(photo by twi-ny/mdr)

Brendan Fernandes’s The Master and Form is performed Fridays, Saturdays, and Sundays (photo by twi-ny/mdr)

Two of the most striking images in the show are Curran Hatleberg’s Untitled (Camaro), a photograph of a red Camaro stuck on top of two dumpsters in a junkyard, and Calvin Marcus’s gorgeous Los Angeles Painting, a fiery red future visible through a car windshield; both can be seen as harbingers of doom, a theme that hovers over this biennial, though the exhibit, curated by Jane Panetta and Rujeko Hockley, is not without hope. Also keep an eye out for impressive works by Simone Leigh, Brian Belott, Todd Gray, Maia Ruth Lee, and the late Barbara Hammer. Below are the remaining special screenings and live performances; some require advance tickets or RSVP.

Thursday, September 5
Saturday, September 7

Autumn Knight: Sanity TV, third floor, Susan and John Hess Family Theater, $10, 7:30

Saturday, September 7
Whitney Block Walk, free with advance RSVP, 4:30, 5:00, 5:30, 6:00

Friday, September 13
Steffani Jemison with Garrett Gray: On Similitude, third floor, Susan and John Hess Family Theater, $10, 7:30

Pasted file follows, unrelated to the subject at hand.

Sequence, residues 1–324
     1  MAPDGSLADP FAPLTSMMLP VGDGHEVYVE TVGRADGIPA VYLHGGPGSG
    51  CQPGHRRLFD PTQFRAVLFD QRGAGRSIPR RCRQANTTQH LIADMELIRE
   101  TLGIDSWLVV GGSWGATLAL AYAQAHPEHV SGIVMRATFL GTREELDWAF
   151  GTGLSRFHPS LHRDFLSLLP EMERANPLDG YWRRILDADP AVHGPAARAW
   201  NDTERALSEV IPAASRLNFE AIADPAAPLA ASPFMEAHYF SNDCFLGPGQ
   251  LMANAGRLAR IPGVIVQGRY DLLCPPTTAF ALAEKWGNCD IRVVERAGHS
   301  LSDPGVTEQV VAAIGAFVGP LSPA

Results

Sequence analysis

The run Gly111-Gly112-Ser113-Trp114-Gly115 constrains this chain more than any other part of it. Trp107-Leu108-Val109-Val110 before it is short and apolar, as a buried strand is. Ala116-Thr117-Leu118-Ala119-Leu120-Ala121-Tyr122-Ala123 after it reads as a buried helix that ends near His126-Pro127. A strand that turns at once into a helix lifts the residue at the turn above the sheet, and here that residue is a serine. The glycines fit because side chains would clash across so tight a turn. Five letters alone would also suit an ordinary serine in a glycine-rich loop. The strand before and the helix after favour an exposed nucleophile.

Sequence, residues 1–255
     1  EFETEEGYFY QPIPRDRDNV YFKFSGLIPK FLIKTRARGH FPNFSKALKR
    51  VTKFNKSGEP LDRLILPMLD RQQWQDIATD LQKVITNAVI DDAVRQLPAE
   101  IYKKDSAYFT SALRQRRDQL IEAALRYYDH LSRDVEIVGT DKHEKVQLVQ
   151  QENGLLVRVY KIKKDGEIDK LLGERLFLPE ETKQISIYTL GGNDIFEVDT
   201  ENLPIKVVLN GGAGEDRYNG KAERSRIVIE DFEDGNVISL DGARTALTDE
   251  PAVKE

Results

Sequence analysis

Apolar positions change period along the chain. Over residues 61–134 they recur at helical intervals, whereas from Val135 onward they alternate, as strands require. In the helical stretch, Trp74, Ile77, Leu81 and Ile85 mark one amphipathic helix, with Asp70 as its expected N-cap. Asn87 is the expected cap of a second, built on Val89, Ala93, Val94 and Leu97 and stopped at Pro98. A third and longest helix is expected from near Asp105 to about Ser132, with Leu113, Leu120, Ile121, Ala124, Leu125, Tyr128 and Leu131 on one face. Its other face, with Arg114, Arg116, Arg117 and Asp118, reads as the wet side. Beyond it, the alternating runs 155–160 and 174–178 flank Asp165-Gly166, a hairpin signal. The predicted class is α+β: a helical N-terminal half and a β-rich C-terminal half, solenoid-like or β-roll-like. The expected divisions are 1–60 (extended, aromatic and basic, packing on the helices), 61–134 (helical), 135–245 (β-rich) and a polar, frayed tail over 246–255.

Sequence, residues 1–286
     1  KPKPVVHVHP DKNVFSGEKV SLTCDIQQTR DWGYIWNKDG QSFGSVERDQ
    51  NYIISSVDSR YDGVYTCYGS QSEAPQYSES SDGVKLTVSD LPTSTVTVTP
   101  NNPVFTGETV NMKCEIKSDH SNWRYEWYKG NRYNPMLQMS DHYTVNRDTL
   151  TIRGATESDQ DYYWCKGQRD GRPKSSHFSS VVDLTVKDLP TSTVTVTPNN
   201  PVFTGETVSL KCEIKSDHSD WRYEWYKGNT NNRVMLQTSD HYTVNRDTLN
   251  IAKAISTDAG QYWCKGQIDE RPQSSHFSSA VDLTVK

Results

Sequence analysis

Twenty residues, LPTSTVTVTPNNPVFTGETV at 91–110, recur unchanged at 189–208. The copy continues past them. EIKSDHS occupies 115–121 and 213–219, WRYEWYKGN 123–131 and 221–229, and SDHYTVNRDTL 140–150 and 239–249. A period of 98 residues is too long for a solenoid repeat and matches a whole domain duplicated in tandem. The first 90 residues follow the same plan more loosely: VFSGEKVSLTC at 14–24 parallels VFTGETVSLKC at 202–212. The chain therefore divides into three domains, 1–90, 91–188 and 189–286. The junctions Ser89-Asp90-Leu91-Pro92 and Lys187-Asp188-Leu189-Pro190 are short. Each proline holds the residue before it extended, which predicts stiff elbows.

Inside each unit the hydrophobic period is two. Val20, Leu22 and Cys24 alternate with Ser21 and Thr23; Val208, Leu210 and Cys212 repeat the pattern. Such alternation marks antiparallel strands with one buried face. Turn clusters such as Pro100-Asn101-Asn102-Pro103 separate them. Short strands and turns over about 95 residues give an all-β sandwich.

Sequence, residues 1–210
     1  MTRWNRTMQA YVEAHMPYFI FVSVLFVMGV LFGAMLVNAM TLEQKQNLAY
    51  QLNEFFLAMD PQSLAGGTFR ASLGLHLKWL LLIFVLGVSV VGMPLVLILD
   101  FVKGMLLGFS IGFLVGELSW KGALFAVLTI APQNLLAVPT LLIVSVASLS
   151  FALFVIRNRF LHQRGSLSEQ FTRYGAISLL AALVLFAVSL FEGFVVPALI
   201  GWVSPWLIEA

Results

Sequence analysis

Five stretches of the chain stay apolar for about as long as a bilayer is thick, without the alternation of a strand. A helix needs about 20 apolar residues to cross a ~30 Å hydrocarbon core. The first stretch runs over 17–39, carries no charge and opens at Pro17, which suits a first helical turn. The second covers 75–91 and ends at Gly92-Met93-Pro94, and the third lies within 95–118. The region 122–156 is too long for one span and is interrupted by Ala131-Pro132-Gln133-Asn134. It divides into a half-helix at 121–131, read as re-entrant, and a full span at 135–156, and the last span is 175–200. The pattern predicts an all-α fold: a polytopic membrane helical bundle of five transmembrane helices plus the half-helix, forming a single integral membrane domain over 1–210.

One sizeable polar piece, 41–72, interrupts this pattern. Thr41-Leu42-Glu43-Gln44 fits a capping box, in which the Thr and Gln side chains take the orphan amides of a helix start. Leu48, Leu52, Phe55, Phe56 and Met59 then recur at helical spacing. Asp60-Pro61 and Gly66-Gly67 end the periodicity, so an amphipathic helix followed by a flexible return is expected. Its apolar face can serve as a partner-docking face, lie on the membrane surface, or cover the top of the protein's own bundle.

Saturday, September 14
Whitney Block Walk, free with advance RSVP, 4:30, 5:30

Sunday, September 15
From Seneca Village to Brooklyn: A Conversation with Tomashi Jackson, with Tourmaline, Tsubasa Berg, Diana diZerega, Jonathan Kuhn, Meredith B. Linn, Kelly Mena, K-Sue Park, Nan Rothschild, Marie Warsh, and Stephen Witt, third floor, Susan and John Hess Family Theater, free with advance RSVP, 7:30

Thursday, September 19
Madeline Hollander — Ouroboros: Gs, Pamella and Daniel DeVos Family Outdoor Largo, free with museum admission, 5:00 - 9:00

Friday, September 20, 7:00
Saturday, September 21, 4:00

What Was Always Yours and Never Lost, short films followed by a Q&A with curator Sky Hopinka and some of the filmmakers, Susan and John Hess Family Theater, $10